Back to my limits, the other thing I am going to do, I still have 1300 results. I don't want 1300 results. I am going to change my publication date. I don't want results from 1982, I want more current literature. I am going to change this to 2013 and update my search.
Now, I have a very manageable 349 results. And this is so much better than 1300. Plus my results are all peer-reviewed and they are all pretty current literature. So that is great.
So what we are going to do here is look at how this is laid out. You will see your titles, see your author, your journal, and some subject headings.
This is another thing I want you to draw your eye to, is subject headings. So there is post-traumatic stress disorder, aggression, veterans, psychology and veterans.
The reason I go through this list of subjects is because I like to see other ideas for more keyword searches. I may not have thought to put in "mental health of veterans" or "mental health and veterans." All of these things give me a lot more ideas for different searches in the future. So that is another thing you need to train your eye as a kind of advanced researcher, looking at these advanced subjects.
The other thing is, it can really influence your research. So if you're looking at a particular topic and think this sounds super interesting, I am just going to look at aggression or I just going to look at intimate partner violence. It will give you ideas that will tweak your research questions and it is actually pretty interesting to do.
So that is one thing I do want to get a list of results. I limit, by peer-reviewed, the publication date. And I just start browsing the subject headings.
The other thing you are going to want to look for is how to get your full text. Sometimes like in this very first listing, you can see your HTML or PDF pops right up. Perfect. So just click and on that PDF, you can read it, you can download it, you can save it, you can email to yourself. There's lots of things you can do, depending on how you keep your literature organized -- that is another thing I want to stress, finding whatever it is for you that works keeping it organized. Some articles will just have your PDF. Then, some articles you will see -- I am going to scroll really fast, forgive me, to the second page here, because I have an example to show you.
Sometimes you might see something like this, too. I don't have any results, any PDF, so I am getting really worried because I want this article, I want to read it, but I don't see the PDF. What you need to look for when this happens is the Find @ Walden button. This Find @ Walden I think of as a breadcrumb. It is going to try to take you to another database that has the article. For some reason, this database doesn't, but it's like we are going to try to find this for you. So when you do not see the PDF but you do see the Find @ Walden button, don't panic. You can probably still get your article. It's probably going to work, it should. So just go ahead and click on the Find @ Walden button when you see it. I am going to go ahead and demonstrate this now.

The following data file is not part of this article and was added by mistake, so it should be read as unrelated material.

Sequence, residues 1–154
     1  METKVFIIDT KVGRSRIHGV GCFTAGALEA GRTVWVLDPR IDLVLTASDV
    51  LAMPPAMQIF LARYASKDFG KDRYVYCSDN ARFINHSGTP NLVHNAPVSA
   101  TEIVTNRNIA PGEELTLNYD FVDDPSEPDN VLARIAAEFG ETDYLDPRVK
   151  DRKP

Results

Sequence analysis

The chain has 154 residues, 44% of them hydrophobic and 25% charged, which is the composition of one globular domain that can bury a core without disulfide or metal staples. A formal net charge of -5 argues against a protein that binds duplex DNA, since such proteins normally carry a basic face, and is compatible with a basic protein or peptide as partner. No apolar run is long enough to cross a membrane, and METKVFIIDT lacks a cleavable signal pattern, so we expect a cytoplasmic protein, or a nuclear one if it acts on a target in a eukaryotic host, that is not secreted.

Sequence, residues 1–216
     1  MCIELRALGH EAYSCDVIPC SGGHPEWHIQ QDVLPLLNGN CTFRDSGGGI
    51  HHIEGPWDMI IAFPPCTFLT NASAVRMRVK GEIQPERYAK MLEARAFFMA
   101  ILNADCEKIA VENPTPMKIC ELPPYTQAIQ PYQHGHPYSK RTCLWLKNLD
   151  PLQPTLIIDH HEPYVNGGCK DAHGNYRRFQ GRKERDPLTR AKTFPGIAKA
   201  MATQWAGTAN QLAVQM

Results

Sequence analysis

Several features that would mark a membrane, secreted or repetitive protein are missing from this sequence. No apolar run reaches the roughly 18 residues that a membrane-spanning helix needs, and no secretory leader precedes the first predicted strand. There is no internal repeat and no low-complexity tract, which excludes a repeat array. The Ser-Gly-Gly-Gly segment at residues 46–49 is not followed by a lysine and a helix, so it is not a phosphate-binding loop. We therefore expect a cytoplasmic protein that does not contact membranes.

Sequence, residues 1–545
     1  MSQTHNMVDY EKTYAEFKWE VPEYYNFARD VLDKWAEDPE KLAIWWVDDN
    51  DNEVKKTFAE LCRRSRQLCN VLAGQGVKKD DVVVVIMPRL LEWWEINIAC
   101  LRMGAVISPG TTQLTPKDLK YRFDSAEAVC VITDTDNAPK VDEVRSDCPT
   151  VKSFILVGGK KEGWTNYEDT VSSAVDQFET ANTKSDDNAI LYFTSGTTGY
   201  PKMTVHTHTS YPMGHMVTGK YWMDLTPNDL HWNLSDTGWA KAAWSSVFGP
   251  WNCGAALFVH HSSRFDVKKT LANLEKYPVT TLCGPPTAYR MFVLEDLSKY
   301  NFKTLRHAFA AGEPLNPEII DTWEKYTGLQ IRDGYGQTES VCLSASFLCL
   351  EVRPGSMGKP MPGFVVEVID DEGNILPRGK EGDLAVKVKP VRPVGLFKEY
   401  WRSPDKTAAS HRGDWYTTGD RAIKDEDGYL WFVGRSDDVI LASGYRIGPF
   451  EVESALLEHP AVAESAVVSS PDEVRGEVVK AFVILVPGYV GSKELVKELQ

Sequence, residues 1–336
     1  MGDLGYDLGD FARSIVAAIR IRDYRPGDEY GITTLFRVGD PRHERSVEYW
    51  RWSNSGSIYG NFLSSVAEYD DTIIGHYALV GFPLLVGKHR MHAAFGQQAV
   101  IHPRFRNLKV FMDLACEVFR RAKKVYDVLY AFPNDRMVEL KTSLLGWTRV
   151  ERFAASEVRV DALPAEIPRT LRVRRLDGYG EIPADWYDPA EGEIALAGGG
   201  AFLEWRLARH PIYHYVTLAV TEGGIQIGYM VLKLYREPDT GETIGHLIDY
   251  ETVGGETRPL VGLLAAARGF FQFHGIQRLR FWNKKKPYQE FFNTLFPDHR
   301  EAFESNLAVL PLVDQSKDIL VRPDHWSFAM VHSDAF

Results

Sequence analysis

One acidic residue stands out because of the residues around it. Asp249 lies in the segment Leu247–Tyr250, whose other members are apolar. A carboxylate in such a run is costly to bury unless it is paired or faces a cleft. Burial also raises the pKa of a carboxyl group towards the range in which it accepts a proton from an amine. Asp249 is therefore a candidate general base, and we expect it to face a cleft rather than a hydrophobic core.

And this case, it came out perfectly. It is basically saying yeah, we couldn't find it there, but it looks like it is in this database. So you have to click again. And in this case, thank goodness, it worked perfectly. So here we have my entire PDF that I can download or read and save. It's giving me the abstract and references here that I can browse on the left-hand side. In that case it worked perfectly.
The reason I wanted to show you that is because I wanted to make sure that when you do run into an issue of seeing the Find @ Walden button, that you don't just think oh, I can't get that. I don't know where to find it, I don't have the PDF.... It is just kind of linking you, breadcrumbing you out so you can find it. So that is the Find @ Walden button.
Let's go into this article just to show you what a detailed result is.
I was just looking at the question, sorry, it looks like a few people couldn't hear me. I am hoping that my audio is still good. It looks like on my side the audio is still good. Couple people can't hear. Oh, good, thank you so much David and Amanda, "I can hear you perfect." Thanks for writing and letting me know that.
This is a detailed results page and when you click on the title of an article you are interested in, this is a great way to become familiar with okay, this source is Advances in Social Work, that is a great peer-reviewed journal, 2017, current, great. We have subject terms, so for instance, this article is mostly about veterans, PTSD and substance abuse.
And then, the author also supplies other keywords. Like I said, reading these keyword subject terms allows you to get familiar with other keywords that you want to try. You can never use the same keywords, [sounds like] and being a thorough researcher is doing [indiscernible] other databases.
I want to move that ... on the right-hand side of your results, you have options to print the article, you can email it to yourself as a means of organization. You can save it to a computer or, I think that's funny, it's like a little floppy disk, which I don't know, some of you probably don't even know what that is, but that's funny. You can save it to a computer, save it to a flash drive, whatever.